The UK’s debate on leaving the EU is becoming so multi-faceted that all outcomes are likely to leave everyone unhappy, writes Andrew Hammond.
In one of the most important UK political moments in the post-war era, the House of Commons will vote today on the Brexit withdrawal deal.
The ballot begins perhaps the most decisive few weeks in modern UK political history as Parliament now takes much more control of the fraught process after a series of dramatic legislative amendments last week.
With the scheduled deadline for Britain to leave the EU at the end of March fast approaching, and the exceptionally weak UK government potentially on the verge of collapse, the House of Commons raised the odds last Wednesday by passing what may appear an obscure procedural amendment.
In fact, it is a significant political setback for UK prime minister Theresa May inasmuch as she must present a ‘new’ Brexit plan within three days if the vote is lost today.
This latest twist in the long Brexit tale adds to the political uncertainty in the country over the outcome of the UK’s scheduled EU exit.
And much is likely now to hinge, politically, and for financial markets, on what the scale of May’s expected loss today will be.
At the most catastrophic end of the spectrum for May, some pundits have forecast the government could lose by around 200 votes.
Such a bracing defeat could trigger the political end-game for May who hasn’t ruled out resigning if she loses.
Even if she decides to stay and fight, there will be new impetus behind a House of Commons vote of ‘no confidence’ in her; new calls for a General Election; suspending the Article 50 process; and/or a referendum on the Brexit withdrawal deal.
Yet, after a very heavy loss today, it is also possible that any significant financial market volatility could sway the minds of more MPs to support her plan in a second vote.
A parallel here might be the Troubled Asset Relief Programme (TARP) legislation in the United States in 2008 which was a key component of the-then Bush administration’s measures to address the US sub-prime mortgage crisis.
The legislation was initially defeated in a vote in Congress.
However, it was passed on the second attempt soon afterward after markets tanked.
A rosier scenario for May, which would not just bolster her position, but potentially move markets, would be a significantly narrower than anticipated loss, or the extremely narrow possibility of a win.
The latter currently appears most unlikely, but nothing can be ruled out in the febrile environment of Westminster politics.
If May does lose, and chooses to stay to fight, she may well urgently seek to reach out to fellow European presidents and prime ministers to get further Brexit withdrawal concessions.
While EU leaders have said there is no scope for further negotiation on the deal, there could yet be overwhelming incentives for both sides to try to get the agreement ‘over the line’.
One further consequence of a government defeat, which is driving parliament’s move to take back control in the face of the May team’s incompetence, will be for both sides to expedite no-deal preparations.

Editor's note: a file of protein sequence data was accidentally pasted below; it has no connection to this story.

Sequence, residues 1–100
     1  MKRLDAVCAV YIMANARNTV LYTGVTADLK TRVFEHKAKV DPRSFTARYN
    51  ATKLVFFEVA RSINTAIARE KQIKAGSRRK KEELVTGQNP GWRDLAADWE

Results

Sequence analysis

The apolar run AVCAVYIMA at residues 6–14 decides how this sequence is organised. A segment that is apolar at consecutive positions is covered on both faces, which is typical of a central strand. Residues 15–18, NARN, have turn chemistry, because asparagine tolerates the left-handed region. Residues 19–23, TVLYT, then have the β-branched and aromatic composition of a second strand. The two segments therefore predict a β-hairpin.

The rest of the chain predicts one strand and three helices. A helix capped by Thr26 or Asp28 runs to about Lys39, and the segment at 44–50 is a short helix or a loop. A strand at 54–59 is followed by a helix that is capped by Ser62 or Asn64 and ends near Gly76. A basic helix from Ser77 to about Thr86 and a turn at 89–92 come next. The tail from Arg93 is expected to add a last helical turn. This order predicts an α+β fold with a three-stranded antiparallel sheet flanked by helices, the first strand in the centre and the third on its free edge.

It is that no-deal scenario that particularly worries many MPs who are now seeking to tie the government’s hands to try to prevent that outcome.
The government suffered a significant defeat on the finance bill.
Here a cross-party group of MPs passed another key amendment limiting the government’s tax administration powers in the event of the United Kingdom leaving the EU without a deal.
In the maelstrom of this vote, one of the few certainties is the continuing disagreement within UK political elites over Brexit, more than two years after the referendum.
As the debate over May’s withdrawal deal versus other harder and softer variants of Brexit shows, this is not just a Leave versus Remain debate.
This is because even those who voted to exit the EU in 2016 did so for diverse and sometimes divergent reasons which makes fashioning support for a withdrawal agreement very difficult.
Some Leave voters, for instance, of an isolationist bent focused on perceived costs and constraints of EU membership perceived to limit UK sovereignty on issues like migration.
Meanwhile, a significant slice of the electorate voted to exit as a protest against non-EU issues such as the domestic austerity measures implemented by UK Governments since the 2008-09 financial crisis.
However, other Leavers voted in 2016 for an alternative vision of a buccaneering global United Kingdom that could, post-Brexit, allow the nation to secure enhanced political and economic ties with countries outside of the EU.
It is many of these people - who favour more, not less - international engagement, that now want to see, for instance, new trade deals with key Asian markets like China and India; the Gulf Cooperation states; and mature markets such as the United States, Canada, and Australia.
And the continuing divisions within the wider electorate on these issues are underlined in polls too.
These now generally show more people favouring EU membership than not, and the country split over whether maintaining access to the European Single Market, or being able to limit migration, should be the key objective of Brexit.
Taken overall, May is now besieged on multiple fronts, and it would be a sensational result were she to win today.
With the UK still divided on Brexit, a heavy defeat will inject a new element of uncertainty into UK politics which, with Parliament now becoming centre stage in the process, could yet see her ousted from power; a suspension of the Article 50 process; an EU withdrawal deal referendum, and/or a General Election in short order.
Andrew Hammond is an Associate at LSE IDEAS at the London School of Economics.